A self-guided walk in Spitalfields, London

Brushfield Street Spitalfields

Spitalfields is an historic area to the east of the City of London.   Since the 1660’s, it has been the traditional first stop for immigrants arriving in London – and has suffered its share of poverty and destitution.   Today, however, the area is a melting pot of the creative industries, street art and bohemian residents.   Many of the original foundations are still there; represented by its people, cultures and architecture, making Spitalfields one of the most vibrant areas of London to visit.   This walk starts at Liverpool Street station. From the station head east.

Old Spitalfields Market
Old Spitalfields Market

Old Spitalfields Market

Old Spitalfields Market is one of London’s top fashion, art and collectables markets; complemented by numerous restaurants.   It’s on the site of the church, hospital and graveyard of St Mary Spital – established in medieval times.

The market started in mid-1600.   Its significance increased with the arrival of French Protestants towards the end of the 1600’s, forced to flee France when the government made being Protestant illegal (the revocation of the ‘Edict of Nantes’).   The French brought their skills in silk weaving to England.   Spitalfields (and Wandsworth in south west London) were the centres of these industries.   In Spitalfields, the wealth created by silk industries has resulted in the largest remaining concentration of Georgian buildings in London – ironically saved by the subsequent economic decline of the area right up to the 1980’s.

Jewish immigrants arrived in the 1880’s, escaping anti-Semitism and violence in Eastern Europe.  Silk weaving started to give way to clothing and brewing as the principal industries around Spitalfields – evidenced today by the continuing ‘rag trade’ and former breweries.

At the east end of Spitalfields is Christ Church, Spitalfields. Built in 1729, it catered for the burgeoning population and combatted non-conforming Christian Protestants (i.e. Puritans who declined to recognise the monarch as head of the Church. Many had already left England for religious freedom in North America!).


Verde and Company, Brushfield Street. One of the oldest shopfronts in London. Today a modern deli run by author Jeanette Winterson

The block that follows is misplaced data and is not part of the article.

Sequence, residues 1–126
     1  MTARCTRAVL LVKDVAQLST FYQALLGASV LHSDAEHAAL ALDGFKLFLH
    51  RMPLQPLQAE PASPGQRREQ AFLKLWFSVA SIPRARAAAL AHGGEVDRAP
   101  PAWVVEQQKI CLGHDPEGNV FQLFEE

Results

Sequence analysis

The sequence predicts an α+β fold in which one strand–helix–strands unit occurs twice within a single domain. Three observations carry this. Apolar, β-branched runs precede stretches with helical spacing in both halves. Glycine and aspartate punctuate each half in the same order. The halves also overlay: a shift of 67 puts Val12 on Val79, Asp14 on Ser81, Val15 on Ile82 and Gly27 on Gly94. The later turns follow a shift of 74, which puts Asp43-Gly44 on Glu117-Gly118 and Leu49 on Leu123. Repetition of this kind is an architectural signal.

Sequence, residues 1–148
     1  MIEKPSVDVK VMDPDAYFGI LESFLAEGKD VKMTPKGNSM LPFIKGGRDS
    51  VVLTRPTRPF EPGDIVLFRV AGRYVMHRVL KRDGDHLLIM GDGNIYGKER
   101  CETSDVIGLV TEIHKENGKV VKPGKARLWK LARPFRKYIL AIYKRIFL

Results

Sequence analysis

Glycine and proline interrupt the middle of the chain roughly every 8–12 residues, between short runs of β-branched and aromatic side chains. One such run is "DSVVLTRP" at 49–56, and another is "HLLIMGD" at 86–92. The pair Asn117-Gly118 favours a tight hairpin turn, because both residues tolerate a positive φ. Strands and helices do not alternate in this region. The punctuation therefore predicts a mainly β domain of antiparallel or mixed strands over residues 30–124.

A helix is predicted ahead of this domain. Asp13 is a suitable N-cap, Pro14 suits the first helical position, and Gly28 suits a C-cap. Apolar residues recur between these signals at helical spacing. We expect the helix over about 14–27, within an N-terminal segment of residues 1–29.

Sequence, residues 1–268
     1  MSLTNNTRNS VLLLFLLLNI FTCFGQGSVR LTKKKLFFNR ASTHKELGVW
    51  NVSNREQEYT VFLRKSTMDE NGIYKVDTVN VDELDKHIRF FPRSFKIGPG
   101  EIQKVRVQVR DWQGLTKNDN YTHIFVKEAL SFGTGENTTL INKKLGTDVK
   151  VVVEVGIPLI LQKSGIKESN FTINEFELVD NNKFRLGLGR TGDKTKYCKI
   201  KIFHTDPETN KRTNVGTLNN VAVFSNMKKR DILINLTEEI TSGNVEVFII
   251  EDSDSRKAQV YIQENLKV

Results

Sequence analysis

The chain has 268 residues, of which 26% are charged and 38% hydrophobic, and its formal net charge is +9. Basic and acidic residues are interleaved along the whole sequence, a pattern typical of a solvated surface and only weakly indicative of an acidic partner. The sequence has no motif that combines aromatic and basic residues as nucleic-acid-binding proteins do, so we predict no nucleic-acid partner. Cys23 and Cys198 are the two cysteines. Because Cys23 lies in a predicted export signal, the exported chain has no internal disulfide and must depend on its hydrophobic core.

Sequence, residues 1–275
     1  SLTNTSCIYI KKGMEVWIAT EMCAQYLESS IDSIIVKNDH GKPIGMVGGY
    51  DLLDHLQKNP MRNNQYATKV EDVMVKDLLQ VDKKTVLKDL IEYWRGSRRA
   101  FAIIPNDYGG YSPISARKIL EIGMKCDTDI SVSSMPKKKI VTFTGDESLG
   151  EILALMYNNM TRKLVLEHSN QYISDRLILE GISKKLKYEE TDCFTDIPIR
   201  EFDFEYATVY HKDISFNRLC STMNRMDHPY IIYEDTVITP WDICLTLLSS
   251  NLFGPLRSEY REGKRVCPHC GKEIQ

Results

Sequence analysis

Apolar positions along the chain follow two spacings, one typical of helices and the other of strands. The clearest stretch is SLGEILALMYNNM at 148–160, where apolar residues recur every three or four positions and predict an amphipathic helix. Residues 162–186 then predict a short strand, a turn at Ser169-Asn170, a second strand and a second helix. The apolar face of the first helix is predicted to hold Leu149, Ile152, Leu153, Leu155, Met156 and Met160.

Dennis Severs' House, Spitalfields
Dennis Severs’ House, Spitalfields

Dennis Severs’ House

This house at 18 Folgate Street is an original home built in the 1720’s for a family of French protestant (Huguenot) silk weavers.   The house is a time capsule created by the American theatrical designer; Dennis Severs.   You’re greeted outside the front door and introduced to the house – and asked to be silent during your visit.   Candle-lit rooms greet you from the basement kitchen, the dining room and drawing rooms to the servants’ quarters in the attic.   All the while you’re taking in hundreds of original period artefacts, the sights, sounds and smells of this Georgian family home.   It is a meticulously crafted experience. Book before arriving as entry is time controlled.


Brick Lane Mosque
Brick Lane Mosque. Built in 1743, the only building in London to have been a Christian church, Jewish synagogue and Muslim mosque
Brick Lane
Brick Lane

In more recent times, Spitalfields has become home to the Bangladeshi community, introducing a prosperous wholesale clothing economy – along with the best curry houses in London.  After you’ve browsed the markets and viewed the street art in and around Brick Lance, visit Abdhul Ahad’s ‘City Spice’ at 138 Brick Lane for great food and the real experience.   My (medium spice) chicken bhuna with pilau rice and sides of bhindi bhaji and saag aloo were excellent!


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